Implementing Enterprise 2.0 – Integration and Assimilation

A follow up on one of my latest blogs; a perplexing dilemma with Enterprise 2.0 exists when you consider many common problems with implementing new processes into an organisation. The big one is simple resistance to change.

Schmaltz sums it up quite nicely, pointing the finger at barriers including:

1) applications not part of user’s workflow
2) time effort > personal value
3) complex applications

To elaborate, the biggest reasons why a user may not take to an Enterprise 2.0 tool is that the application does not fit in with the traditional way of doing their job. That the effort they put in using the 2.0 tool does not equally reward them with value towards completing the work they do, or that the applications are simply too complex to use.

Christoph Schmaltz systematically highlights a number of barriers between an organisation and the successful implementation of Enterprise 2.0 technologies, discusses possible solutions to these ‘problems’ and suggests a solution to nurturing the adoption of these tools.

Put simply, Schmaltz explains that Email needs to be viewed and implemented as an important part of implenting 2.0 – citing that interactivity needs to exist between the two because companies are already heavily email oriented, as are their employees. Schmaltz also analyses a number of common Web 2.0 tools and suggests means of integrating Email.

I’ve found this mode of combing 1.0 and 2.0 technology to be quite effective. For at least a year now I’ve been used to receiving automatically emailed notifications from google groups to say that somebody has made  a new post or a new thread on our google group space.

Maximising what can be done from the email is important too. Facebook’s capability to ‘reply to a comment in an email with a reply should be expected in other 2.0 tools such as wiki’s as well. It simply quickens the process and simplifies that situation. I enjoy this situation for both google groups and Facebook.

The idea here is that we’re resistant to change. but it can be swayed with this careful assimilation of technology that ideally, should be embraced by everyone. I must admit, I’m a little skeptical – this can’t be the only technique employed to encourage adoption – however, integrating email services has definitely worked for me.


4 Responses to Implementing Enterprise 2.0 – Integration and Assimilation

  1. Shaun Bergin says:

    Enjoyed your post Anthony, and i completely agree. I know adopting new technologies is not a problem for myself as it has been a common occurrence for years like most Y gens, but the daunting task of learning these technologies does seem too much for at least half my family. I think the throw away society we live in seems existent for technology as much as it does material items, therefore turning people off the learning these technologies even more.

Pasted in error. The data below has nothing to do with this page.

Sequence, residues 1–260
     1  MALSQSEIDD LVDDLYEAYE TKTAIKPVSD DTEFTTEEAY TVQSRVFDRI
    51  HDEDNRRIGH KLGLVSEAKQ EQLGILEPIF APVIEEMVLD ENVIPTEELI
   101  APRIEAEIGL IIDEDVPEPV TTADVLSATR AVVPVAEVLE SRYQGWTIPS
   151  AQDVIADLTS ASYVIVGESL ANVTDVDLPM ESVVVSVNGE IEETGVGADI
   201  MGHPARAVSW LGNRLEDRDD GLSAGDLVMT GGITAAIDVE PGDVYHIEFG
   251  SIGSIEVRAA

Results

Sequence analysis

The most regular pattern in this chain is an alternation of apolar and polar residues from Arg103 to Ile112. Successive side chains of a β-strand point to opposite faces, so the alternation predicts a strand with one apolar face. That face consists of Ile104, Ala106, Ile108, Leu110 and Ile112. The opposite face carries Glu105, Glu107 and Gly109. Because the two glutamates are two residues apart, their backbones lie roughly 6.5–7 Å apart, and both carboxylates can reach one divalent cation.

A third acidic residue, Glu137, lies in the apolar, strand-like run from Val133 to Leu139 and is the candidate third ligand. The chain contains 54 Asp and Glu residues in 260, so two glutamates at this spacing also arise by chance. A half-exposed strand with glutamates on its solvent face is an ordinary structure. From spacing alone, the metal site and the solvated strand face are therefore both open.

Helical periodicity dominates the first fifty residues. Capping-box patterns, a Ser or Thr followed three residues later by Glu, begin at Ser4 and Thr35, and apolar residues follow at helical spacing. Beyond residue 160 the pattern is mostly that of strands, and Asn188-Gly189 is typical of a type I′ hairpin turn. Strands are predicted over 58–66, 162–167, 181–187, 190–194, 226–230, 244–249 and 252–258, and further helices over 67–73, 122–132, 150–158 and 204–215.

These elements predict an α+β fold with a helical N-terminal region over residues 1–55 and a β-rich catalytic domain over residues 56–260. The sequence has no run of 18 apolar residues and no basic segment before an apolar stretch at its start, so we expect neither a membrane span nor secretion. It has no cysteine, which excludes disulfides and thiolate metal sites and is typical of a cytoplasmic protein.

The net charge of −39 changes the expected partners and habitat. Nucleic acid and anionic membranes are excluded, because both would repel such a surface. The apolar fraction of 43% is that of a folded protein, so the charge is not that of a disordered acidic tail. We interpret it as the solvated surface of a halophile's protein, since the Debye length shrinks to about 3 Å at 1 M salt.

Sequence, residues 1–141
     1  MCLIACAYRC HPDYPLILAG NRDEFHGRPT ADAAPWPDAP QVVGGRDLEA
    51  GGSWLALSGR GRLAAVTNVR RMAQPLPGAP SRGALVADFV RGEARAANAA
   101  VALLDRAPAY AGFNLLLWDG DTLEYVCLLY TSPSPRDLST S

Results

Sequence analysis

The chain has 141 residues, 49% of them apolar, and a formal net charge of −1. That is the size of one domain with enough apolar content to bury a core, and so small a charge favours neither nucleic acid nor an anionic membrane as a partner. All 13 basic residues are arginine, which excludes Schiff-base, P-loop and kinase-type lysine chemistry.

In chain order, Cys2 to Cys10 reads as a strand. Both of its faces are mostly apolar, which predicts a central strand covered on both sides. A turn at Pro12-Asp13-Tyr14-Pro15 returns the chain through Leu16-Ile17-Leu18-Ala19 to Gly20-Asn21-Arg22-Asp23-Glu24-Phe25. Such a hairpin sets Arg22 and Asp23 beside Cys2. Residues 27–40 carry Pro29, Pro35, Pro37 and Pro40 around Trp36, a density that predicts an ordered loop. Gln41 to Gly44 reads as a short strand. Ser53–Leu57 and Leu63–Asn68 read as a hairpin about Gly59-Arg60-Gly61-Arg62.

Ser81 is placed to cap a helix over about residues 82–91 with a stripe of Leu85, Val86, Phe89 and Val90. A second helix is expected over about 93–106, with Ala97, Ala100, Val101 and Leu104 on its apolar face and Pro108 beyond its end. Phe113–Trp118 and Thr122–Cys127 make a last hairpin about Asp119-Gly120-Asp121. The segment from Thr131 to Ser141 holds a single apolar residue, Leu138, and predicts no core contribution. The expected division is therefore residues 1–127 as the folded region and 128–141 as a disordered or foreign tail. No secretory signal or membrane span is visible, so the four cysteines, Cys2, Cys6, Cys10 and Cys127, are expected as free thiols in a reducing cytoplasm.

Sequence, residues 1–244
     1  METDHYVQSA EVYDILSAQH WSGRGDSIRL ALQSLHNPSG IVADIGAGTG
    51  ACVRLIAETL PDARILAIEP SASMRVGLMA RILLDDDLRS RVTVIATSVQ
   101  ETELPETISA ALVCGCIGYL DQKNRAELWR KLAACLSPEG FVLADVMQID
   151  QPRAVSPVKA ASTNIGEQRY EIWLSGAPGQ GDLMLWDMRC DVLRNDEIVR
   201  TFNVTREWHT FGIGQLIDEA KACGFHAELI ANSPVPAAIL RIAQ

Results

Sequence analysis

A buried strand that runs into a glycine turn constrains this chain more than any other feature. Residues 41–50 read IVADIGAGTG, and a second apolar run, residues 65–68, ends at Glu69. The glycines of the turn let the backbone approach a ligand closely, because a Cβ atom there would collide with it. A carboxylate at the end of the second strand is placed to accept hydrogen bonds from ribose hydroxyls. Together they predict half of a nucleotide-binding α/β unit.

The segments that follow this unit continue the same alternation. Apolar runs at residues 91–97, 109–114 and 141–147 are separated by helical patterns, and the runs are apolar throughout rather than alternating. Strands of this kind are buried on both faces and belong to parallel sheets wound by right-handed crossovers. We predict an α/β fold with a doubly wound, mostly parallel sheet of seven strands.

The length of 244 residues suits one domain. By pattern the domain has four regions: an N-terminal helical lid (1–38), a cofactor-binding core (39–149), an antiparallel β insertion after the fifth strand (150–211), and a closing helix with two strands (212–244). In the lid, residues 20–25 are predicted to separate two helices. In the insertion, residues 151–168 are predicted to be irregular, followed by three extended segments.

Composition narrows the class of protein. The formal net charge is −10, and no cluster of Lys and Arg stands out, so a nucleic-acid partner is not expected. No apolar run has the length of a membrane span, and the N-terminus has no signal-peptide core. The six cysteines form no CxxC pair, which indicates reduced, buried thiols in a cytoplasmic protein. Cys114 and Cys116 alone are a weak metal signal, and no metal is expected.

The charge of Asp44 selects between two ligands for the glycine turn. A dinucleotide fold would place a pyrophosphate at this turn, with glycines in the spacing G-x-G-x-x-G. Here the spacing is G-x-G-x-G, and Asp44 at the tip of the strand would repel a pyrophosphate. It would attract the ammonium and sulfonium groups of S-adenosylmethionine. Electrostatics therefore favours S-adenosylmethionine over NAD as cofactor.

2. Ryan Cornett says:

    I totally agree with you on this point. Email use to be my primary (electronic) contact point. So when I started to think about joining forums and social media sites I wasn’t sure how I was going to keep up with everything that I wanted to follow.

    With the ability to subscribe to threads on forums and receive notifications from facebook I find that it saves a lot of time. When I get home, everything I want to know about is sitting in my inbox. Love it!

    However, there is one issue I have come across. Lets have a look at my facebook folder in my email for example, there are 5453 emails in that folder. Once you add up all the folders I have, with thousands of notifications, it takes up a lot of space (it is rather painful formatting my computer! Takes days to download my emails).

    With this in mind after having a look of Merlin Mann’s idea of inbox zero during one of the lectures I thought I would give it ago. I sat there, had a look at all the messages and couldn’t come to deleting them! Facebook notifications, yeah I could delete because its pretty easy to find things on there (to an extent). That aside, all my other notifications from forums I find rather valuable, if I want to look back on something all I need to do is simply search my mailbox and it will, on most occasions, lead me to the thread I wanted to review.

    So really the question is, how fair does email really integrate into these tools? For me it is a one stop shop where all my interests are collaborated into on place.

    Brilliant post, keep them coming 🙂

  3. leighdixon says:

    Anthony – I agree on your comments that one of the biggest issues is change management. In industries like Government where there can be great disparity between the tech-savvy and older workers, new technologies can have much bigger impacts internally than they may in other organisations. Keeping it simple is the key, and integrating it into existing processes as much as possible. Where email works well is it keeps the record keepers happy. A clean inbox is a whole other issue!

  4. I strongly agree with you Anthony on your point of view which is “Facebook’s capability to ‘reply to a comment in an email with a reply should be expected in other 2.0 tools such as wiki’s as well”.


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